“He’s seen it from both sides — seen it in better times and in worse times,” DeStefano said.

Those “better times” for the University and its relationship with the city began when Levin introduced a number of Yale-sponsored programs aiming to help New Haven. These programs include the New Haven Promise, the Yale Homebuyer Program and the creation of University Properties. The New Haven Promise is a college scholarship for students in the city’s public schools, the Homebuyer’s initiative provides University employees an income benefit if they purchase a home in the Elm City and University Properties has invested millions of dollars in real estate in New Haven. Aldermen and the mayor said they believe Salovey will work to build on the relationship Levin created with New Haven.

“Over the last 20 years Richard Levin has done a lot for the town-gown relationships,” Hausladen said, “I can only imagine that [Salovey] wants to continue that trajectory.”

New Haven Promise Director Patricia Melton ’82 said she has no concerns about what will happen to the program during Salovey’s tenure.

“I think he’s an excellent selection,” Melton wrote in an email to the News. “The president-elect will continue to build upon the great work and legacy of President Levin. I am very excited to know we’ll be working with him and I have confidence in his leadership skill.”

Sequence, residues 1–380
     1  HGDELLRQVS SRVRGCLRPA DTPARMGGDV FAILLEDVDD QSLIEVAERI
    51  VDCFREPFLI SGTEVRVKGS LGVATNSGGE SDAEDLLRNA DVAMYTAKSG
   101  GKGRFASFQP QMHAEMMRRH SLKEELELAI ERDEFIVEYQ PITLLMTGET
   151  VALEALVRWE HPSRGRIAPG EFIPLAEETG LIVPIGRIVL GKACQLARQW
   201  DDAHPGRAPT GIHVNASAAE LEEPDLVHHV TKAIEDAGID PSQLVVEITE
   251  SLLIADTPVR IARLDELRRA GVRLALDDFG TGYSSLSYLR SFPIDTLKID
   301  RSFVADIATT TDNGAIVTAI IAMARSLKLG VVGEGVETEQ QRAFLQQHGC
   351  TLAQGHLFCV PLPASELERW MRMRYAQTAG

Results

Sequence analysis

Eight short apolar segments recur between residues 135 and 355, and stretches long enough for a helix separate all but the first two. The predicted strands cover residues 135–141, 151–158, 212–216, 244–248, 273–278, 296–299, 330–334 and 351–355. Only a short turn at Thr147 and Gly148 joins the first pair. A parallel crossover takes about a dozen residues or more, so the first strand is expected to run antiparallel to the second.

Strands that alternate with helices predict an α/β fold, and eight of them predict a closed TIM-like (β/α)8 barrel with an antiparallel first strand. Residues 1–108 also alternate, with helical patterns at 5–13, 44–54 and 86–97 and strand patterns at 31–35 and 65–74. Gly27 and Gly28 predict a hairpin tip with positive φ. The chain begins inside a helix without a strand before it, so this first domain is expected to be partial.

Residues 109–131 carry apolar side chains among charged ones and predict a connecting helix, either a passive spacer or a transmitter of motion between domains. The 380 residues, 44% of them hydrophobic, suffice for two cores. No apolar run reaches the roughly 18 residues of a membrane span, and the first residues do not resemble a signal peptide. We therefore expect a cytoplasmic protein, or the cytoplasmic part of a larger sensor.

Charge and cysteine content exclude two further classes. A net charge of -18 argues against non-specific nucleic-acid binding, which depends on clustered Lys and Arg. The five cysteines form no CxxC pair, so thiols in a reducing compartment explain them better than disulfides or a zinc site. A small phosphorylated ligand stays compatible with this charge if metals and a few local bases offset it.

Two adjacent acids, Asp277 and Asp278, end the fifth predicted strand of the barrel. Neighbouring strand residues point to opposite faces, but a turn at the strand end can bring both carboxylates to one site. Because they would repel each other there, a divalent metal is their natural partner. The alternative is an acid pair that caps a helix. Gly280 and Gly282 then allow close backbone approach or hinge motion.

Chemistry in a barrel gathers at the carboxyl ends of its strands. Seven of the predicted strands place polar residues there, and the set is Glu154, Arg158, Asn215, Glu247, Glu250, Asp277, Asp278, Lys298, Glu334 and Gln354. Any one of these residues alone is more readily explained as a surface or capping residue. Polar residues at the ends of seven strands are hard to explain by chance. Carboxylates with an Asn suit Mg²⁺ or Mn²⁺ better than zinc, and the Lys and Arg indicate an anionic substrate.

Elicker said he would like to see the city’s relationship with Yale progress even further under Salovey. He said the University could partner with New Haven to improve transportation in the city. If the Yale shuttle and CT transit were combined, he explained, greater service could be offered to students and residents alike at lower costs. He also said he hopes Yale continues to support economic development in New Haven.

Ben Crosby ’14, co-chair of Ward 1, said he hopes Salovey will emphasize economic development that is inclusive of New Haven residents. Crosby noted changes on Broadway as an example of development that has benefited Yale students but is not always accessible to other city residents.

“Big, expensive brand-name places are great for students — at least those of us who can afford it — to shop at high-end clothing places, but I think that’s an example of a decision that was made that has generated tax revenue for the city but has not benefited New Haven people as much,” Crosby said. “In order for these places to be helpful, they have to actually be hiring from the neighborhood.”

Fellow Ward 1 co-chair Nia Holston ’14 said she hopes Salovey will create mechanisms through which New Haven residents and Yale students can offer input on what they want to see from the University, adding that she wants Salovey to be more of a “visible presence” than Levin was.

“I think Salovey needs to continue building relationships with community organizations and be a visible presence. Levin has done a lot and was very important to the city, but I’m not so sure if he connected with different people in the community,” Holston said. “I can only think of a few times that I’ve interacted with President Levin, and I didn’t necessarily get to engage in conversation with him, and I don’t think that’s conducive to transparency.”

Salovey earned his M.Phil and Ph.D. in psychology from Yale in 1984 and 1986, respectively.

Diana Li contributed reporting.